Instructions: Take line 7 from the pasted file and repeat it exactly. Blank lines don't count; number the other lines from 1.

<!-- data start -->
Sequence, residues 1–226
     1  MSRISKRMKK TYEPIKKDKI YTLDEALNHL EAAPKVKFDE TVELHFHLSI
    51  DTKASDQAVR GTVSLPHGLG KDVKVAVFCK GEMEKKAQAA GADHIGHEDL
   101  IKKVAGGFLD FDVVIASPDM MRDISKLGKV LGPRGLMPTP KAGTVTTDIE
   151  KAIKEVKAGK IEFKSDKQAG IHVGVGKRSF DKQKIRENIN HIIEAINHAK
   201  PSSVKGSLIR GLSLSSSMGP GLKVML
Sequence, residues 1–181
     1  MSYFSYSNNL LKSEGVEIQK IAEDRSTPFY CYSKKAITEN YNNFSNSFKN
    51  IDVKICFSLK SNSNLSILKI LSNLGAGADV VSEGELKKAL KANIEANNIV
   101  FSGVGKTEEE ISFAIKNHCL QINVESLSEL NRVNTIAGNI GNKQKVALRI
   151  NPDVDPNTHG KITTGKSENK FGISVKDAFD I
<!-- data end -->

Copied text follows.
Sequence, residues 1–181